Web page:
Big Business obediently fell in line, they visited the White House, worked for ObamaCare, even made green comments. Health care passed, and another round of unemployment benefits and more spending. The House decided to pay for it with $14 billion in — taxes on companies that operate overseas. Obama’s budget director Peter Orszag met with the Business Roundtable and explained that the Democrats needed the revenue.
The Business Roundtable took up Mr. Orszag’s invitation to send him their concerns. They sent a 54– page report describing the” hundreds of actions and decisions” that Washington has taken to damage the economy. Ivan Seiderberg, CEO of Verizon and chairman of the Business Roundtable told the Economic Club of Washington that he’d become “somewhat troubled” by a disconnect between Washington and the business community.” Washington had created a “hostile environment for job creation and investment.”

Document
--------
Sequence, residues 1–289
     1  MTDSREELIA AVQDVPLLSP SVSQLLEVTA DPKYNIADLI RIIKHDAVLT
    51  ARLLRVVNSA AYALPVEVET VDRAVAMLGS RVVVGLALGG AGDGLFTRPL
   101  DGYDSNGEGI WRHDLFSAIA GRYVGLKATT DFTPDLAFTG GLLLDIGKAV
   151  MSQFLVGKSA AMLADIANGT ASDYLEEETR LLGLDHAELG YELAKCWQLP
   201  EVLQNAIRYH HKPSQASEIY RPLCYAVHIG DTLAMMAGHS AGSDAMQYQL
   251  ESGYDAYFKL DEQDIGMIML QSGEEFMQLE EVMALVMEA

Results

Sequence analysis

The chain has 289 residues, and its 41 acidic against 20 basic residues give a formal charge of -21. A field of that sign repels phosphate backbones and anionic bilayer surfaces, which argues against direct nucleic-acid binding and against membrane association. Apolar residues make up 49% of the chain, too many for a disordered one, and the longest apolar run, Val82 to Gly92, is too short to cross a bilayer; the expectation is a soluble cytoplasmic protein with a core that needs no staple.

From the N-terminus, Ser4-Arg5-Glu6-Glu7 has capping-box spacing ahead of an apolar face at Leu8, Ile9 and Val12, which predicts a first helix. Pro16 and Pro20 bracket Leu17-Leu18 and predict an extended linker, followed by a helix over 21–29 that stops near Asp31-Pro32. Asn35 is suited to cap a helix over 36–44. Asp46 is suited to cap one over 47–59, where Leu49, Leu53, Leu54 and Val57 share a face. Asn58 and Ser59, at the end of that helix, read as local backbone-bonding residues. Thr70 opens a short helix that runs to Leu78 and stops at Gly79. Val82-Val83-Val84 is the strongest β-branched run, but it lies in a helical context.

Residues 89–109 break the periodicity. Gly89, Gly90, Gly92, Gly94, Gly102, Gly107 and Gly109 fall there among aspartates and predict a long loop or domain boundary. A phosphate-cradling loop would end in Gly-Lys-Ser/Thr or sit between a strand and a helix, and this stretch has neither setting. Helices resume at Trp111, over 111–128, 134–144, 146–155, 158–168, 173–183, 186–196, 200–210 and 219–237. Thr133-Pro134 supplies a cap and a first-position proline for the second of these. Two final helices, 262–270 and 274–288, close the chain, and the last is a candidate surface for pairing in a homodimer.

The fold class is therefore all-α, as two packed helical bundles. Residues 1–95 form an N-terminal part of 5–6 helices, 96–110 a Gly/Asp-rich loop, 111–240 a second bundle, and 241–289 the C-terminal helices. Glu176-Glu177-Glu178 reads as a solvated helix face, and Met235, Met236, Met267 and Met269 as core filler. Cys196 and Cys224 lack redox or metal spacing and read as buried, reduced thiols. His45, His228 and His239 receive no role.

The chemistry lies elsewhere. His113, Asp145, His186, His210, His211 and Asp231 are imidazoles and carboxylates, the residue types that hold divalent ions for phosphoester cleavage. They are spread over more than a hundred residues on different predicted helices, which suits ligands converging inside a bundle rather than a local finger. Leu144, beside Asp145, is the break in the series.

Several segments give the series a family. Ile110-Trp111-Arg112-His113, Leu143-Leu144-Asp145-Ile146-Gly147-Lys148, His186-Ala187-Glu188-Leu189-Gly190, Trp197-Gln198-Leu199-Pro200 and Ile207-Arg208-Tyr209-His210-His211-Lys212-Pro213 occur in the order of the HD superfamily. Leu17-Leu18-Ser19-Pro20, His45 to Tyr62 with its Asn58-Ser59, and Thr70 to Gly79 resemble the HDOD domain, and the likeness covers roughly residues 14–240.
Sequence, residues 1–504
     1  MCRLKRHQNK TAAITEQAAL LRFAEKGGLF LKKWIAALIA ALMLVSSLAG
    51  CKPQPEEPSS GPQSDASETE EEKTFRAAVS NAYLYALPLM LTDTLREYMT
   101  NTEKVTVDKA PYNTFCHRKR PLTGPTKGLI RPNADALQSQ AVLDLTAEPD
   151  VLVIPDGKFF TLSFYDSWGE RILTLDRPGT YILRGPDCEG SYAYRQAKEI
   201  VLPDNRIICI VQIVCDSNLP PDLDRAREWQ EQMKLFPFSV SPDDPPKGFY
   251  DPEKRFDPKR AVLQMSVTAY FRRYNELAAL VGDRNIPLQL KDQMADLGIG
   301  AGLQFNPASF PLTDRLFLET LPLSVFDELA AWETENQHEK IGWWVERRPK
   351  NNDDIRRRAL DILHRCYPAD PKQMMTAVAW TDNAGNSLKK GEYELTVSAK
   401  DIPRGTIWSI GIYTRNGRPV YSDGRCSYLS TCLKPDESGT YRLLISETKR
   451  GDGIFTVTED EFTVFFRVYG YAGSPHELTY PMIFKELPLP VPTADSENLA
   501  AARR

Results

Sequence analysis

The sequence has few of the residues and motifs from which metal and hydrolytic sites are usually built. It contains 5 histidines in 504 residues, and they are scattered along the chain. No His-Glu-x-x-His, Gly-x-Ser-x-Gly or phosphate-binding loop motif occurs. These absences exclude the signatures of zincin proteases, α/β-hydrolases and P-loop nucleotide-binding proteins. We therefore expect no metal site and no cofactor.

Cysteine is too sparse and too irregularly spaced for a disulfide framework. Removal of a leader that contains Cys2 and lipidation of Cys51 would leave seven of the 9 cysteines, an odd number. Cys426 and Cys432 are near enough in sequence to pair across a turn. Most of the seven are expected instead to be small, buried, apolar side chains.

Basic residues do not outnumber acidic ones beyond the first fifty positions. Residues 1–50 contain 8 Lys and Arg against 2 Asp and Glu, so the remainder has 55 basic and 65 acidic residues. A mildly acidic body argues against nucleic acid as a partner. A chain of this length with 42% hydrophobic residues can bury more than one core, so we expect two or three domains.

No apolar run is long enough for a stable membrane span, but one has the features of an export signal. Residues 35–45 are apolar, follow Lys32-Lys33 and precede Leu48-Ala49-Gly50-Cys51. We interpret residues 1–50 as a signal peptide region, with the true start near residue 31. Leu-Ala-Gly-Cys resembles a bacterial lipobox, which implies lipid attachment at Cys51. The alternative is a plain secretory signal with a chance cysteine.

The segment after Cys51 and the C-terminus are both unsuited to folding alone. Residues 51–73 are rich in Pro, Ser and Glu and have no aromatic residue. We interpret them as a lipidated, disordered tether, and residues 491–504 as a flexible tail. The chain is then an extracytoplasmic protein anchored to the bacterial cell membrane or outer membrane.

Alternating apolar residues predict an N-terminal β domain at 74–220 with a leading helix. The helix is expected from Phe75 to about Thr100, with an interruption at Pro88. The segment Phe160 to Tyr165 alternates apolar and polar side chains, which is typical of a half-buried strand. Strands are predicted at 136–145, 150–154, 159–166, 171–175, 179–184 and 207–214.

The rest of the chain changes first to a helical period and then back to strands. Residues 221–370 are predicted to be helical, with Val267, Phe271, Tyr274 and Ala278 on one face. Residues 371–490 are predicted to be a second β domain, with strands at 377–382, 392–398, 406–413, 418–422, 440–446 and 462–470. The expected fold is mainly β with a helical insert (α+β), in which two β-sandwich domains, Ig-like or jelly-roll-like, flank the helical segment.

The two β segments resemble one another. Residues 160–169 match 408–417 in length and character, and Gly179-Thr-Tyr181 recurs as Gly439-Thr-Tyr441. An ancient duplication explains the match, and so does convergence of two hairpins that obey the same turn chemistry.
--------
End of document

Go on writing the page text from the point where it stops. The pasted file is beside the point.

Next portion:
Roundtable members thought they could advance their own interests by cooperating with Capitol Hill. Some tried to buy political protection from regulatory agencies, wining and dining took place, but like the spurned wife in the divorce court, they are now becoming aware of the clues that they should have noticed earlier.